Risks of Asbestos Exposure on College Campuses
Whenever people think about the dangers surrounding one’s exposure to asbestos, images of old, rundown factories or office buildings may come to mind. But in the last few months, I’ve come across at least two news articles that highlighted the presence of asbestos on college campuses.
This greatly worries us here at Kazan Law. When college students think about their futures 20 to 50 years from now, they should be picturing themselves happy in stimulating careers and not struggling with diseases such as malignant mesothelioma.
Discoveries are startling at Kansas State University
Student union buildings serve as hubs of activity on college campuses. These busy locales are where young individuals have lunch, student organizations hold their meetings and student body leaders meet with school faculty. At Kansas State University, Manhattan, people on campus were in for a rude awakening when officials discovered that the Union building, as well as other structures, contained asbestos. This led to restrictions as well as closures of certain rooms and floors.
All employees of the Union building were alerted to the danger and told that they were safe as long as no one disturbed the asbestos. Meanwhile, campus officials have to avoid making certain alterations to their surroundings, such as erecting walls that reach all the way up to the ceilings.
‘Skip the thumbtacks and nails’
Decorative posters are a natural way for college students to express themselves in their living spaces. However, last autumn, Dalhousie University in Nova Scotia warned students who were staying in some of its campus housing units that they needed to avoid using thumbtacks or nails when hanging posters or other decorative items because of the threat of asbestos exposure.
Analyses of air samples around the school indicated that students were not in any immediate danger. Still, administrators advised students on campus to use sticky adhesives to hang items on their walls.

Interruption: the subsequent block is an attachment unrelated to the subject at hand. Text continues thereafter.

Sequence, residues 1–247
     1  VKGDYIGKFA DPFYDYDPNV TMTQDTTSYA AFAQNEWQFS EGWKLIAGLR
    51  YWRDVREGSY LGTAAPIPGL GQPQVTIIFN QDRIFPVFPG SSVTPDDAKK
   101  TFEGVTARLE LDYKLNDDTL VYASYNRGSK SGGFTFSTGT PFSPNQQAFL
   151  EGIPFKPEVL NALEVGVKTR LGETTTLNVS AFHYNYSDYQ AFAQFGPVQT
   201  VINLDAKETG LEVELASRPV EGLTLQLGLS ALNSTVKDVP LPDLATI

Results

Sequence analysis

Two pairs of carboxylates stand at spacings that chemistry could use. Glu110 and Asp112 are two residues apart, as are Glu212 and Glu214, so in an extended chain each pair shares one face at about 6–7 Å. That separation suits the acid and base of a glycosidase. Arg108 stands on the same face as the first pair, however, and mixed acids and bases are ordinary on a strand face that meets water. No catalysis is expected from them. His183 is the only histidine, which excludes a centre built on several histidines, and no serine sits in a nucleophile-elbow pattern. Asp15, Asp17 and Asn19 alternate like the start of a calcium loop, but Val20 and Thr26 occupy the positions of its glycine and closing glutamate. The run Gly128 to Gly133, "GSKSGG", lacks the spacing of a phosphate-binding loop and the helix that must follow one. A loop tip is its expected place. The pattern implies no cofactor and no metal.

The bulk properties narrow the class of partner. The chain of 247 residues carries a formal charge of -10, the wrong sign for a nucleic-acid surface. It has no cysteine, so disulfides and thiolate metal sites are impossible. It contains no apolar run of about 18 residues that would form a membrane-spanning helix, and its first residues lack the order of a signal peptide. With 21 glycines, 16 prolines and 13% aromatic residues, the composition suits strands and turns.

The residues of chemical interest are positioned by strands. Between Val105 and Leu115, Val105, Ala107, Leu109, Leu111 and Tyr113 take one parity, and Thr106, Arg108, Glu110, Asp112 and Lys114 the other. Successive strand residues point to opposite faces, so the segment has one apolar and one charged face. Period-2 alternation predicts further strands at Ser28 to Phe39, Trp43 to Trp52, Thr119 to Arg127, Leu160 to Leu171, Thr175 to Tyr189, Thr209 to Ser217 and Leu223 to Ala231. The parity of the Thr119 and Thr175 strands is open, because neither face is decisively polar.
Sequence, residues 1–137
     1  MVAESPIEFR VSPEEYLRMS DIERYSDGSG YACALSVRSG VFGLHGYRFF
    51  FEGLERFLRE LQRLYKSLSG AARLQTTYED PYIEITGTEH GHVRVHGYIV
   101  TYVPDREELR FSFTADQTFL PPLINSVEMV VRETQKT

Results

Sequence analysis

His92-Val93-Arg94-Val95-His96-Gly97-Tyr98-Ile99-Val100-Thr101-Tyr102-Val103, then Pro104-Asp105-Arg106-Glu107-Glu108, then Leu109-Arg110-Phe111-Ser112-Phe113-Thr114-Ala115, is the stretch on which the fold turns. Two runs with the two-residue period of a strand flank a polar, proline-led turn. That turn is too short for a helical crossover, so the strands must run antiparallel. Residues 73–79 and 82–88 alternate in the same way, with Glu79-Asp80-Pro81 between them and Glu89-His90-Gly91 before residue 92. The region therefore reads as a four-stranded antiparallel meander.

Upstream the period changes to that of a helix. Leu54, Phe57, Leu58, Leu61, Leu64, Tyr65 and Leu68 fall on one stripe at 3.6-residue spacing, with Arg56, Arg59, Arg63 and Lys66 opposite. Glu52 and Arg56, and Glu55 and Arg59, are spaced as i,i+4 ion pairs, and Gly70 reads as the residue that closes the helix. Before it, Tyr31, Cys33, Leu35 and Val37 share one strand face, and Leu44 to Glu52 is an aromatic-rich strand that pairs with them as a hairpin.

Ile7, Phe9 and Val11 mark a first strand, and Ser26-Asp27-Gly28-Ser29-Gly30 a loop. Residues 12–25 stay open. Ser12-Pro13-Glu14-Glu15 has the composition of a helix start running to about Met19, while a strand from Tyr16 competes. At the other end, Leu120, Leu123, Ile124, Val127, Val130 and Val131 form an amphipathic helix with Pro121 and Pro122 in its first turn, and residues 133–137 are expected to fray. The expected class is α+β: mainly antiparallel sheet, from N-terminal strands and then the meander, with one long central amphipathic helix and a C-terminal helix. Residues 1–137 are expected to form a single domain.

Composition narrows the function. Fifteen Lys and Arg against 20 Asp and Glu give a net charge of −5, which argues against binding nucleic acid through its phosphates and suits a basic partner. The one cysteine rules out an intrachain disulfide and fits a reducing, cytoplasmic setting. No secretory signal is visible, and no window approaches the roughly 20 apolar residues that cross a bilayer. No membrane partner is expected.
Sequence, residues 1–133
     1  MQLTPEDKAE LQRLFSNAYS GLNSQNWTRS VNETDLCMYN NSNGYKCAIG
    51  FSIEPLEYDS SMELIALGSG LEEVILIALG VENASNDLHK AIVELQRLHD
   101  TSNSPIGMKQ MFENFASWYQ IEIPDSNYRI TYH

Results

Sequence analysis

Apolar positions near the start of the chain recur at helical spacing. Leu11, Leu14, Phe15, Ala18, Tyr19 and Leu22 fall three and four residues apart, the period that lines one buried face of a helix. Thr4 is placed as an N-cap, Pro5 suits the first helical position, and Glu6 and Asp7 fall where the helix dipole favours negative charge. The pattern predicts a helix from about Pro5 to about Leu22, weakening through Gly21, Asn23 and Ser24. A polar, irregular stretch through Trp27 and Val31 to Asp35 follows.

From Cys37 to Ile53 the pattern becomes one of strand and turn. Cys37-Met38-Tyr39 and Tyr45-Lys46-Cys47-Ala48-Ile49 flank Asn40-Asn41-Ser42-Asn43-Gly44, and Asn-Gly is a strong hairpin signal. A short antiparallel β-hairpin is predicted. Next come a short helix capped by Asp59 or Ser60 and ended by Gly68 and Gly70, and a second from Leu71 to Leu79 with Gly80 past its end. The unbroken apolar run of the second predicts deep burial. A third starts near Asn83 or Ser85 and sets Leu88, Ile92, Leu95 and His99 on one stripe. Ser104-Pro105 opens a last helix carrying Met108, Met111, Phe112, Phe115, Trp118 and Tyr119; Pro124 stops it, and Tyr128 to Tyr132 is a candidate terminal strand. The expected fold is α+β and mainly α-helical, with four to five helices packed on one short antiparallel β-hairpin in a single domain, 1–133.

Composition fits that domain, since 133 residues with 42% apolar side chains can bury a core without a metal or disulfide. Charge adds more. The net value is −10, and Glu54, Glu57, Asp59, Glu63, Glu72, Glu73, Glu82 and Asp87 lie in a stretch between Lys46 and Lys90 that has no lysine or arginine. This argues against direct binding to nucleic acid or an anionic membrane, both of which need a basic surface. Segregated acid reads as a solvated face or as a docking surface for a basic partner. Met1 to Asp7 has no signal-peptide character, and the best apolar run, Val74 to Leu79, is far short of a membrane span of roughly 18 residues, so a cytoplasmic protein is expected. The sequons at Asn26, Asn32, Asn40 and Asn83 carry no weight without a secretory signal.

Campuses are responsible for keeping students safe
The danger of exposure to asbestos is that mineral fibers can cause serious damage to the body’s cells if they’re inhaled or ingested. Specifically, asbestos can lead to respiratory problems and malignant diseases of the gastrointestinal tract, throat and other tissues. One reason why public health experts are concerned about asbestos is that people may not be aware they have become sick from the material until decades have passed since they were exposed. By then, it is often too late for prognoses to be hopeful.
Asbestos was a common component of products used in construction on buildings that were erected before the 1980s. Specifically, asbestos may be present in insulation, textured wall surfaces, roofing tiles, electrical equipment, cement piping and other items.
College campuses are responsible for knowing what dangers their students face when it comes to asbestos. Campus ERC, an environmental advocacy group for higher education, lists several regulations that campuses must follow during major construction and renovation projects. Among them are requirements to adhere to the National Emission Standards for Hazardous Air Pollutants and communicate with the federal Environmental Protection Agency about the handling of asbestos-containing materials.